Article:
Compatibilism and personal identity

Philosophical Studies 170 (2):317-334 (2014)
Authors
Benjamin Matheson
Stockholm University
Abstract
Compatibilists disagree over whether there are historical conditions on moral responsibility. Historicists claim there are, whilst structuralists deny this. Historicists motivate their position by claiming to avoid the counter-intuitive implications of structuralism. I do two things in this paper. First, I argue that historicism has just as counter-intuitive implications as structuralism when faced with thought experiments inspired by those found in the personal identity literature. Hence, historicism is not automatically preferable to structuralism. Second, I argue that structuralism is much more plausible once we accept that personal identity is irrelevant to moral responsibility. This paves the way for a new structuralist account that makes clear what it takes to be the diachronic ownership condition (which is normally taken to be personal identity) and the locus of moral responsibility (which is normally taken to be ‘whole’ person), and helps to alleviate the intuitive unease many have with respect to structuralism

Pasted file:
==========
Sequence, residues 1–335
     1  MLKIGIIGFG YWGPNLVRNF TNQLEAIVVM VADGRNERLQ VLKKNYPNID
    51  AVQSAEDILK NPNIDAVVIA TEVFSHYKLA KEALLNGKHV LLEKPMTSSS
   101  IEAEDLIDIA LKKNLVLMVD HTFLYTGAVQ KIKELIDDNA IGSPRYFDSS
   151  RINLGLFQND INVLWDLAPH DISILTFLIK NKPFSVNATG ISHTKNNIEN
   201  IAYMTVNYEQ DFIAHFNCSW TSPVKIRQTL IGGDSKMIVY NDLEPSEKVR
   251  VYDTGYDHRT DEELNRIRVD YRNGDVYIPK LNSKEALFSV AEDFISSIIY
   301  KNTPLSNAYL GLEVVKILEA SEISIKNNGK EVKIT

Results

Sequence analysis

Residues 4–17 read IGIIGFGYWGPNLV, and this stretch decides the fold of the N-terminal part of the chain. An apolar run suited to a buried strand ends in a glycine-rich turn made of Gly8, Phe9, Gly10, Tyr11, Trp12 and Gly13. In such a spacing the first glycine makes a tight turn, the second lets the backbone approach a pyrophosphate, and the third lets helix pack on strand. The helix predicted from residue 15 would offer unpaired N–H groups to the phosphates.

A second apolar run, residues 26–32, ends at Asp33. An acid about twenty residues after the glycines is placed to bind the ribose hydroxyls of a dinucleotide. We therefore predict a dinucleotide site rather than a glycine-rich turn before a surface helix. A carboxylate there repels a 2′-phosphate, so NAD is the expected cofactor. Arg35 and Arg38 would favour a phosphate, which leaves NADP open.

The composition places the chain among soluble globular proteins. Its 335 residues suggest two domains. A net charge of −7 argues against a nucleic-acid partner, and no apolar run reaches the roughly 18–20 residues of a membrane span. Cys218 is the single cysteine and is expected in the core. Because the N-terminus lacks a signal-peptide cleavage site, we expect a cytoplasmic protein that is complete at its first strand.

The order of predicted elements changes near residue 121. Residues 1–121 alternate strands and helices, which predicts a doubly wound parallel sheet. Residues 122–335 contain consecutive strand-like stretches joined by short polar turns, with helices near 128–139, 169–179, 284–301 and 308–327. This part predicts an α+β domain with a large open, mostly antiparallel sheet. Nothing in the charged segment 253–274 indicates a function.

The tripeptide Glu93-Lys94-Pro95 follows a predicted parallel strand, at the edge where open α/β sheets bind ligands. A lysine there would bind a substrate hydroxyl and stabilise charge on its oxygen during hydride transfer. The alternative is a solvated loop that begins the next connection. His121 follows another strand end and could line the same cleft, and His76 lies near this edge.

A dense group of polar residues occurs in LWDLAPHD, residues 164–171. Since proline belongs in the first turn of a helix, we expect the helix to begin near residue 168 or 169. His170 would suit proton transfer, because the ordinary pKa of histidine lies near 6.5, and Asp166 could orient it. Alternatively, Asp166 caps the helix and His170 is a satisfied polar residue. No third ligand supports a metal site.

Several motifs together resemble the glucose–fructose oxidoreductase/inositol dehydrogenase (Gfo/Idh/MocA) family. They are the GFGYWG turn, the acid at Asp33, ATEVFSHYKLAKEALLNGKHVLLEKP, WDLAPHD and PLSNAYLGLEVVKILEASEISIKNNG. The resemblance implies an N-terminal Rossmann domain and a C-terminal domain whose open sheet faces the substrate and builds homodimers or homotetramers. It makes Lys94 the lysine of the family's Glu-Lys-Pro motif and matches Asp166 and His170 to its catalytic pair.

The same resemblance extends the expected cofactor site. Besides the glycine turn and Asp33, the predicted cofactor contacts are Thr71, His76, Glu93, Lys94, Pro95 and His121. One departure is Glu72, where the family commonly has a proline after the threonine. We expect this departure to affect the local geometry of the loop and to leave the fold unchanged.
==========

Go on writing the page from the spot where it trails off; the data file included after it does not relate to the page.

Keywords Manipulation  Moral responsibility  Historicism  Structuralism  Personal identity  Compatibilism
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DOI 10.1007/s11098-013-0220-9
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References found in this work BETA

Living Without Free Will.Derk Pereboom - 2005 - Cambridge University Press.
Reasons and Persons.Derek Parfit - 1984 - Oxford University Press.
Freedom of the Will and the Concept of a Person.Harry G. Frankfurt - 1971 - Journal of Philosophy 68 (1):5-20.

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Citations of this work BETA

Is Blameworthiness Forever?Andrew C. Khoury & Benjamin Matheson - 2018 - Journal of the American Philosophical Association 4 (2):204-224.
Manipulators and Moral Standing.Benjamin Matheson - forthcoming - Philosophia:1-18.
In Defence of the Four-Case Argument.Benjamin Matheson - 2016 - Philosophical Studies 173 (7):1963-1982.
Self-Blaming, Repentance, and Atonement.Peter A. French - 2014 - Journal of Value Inquiry 48 (4):587-602.

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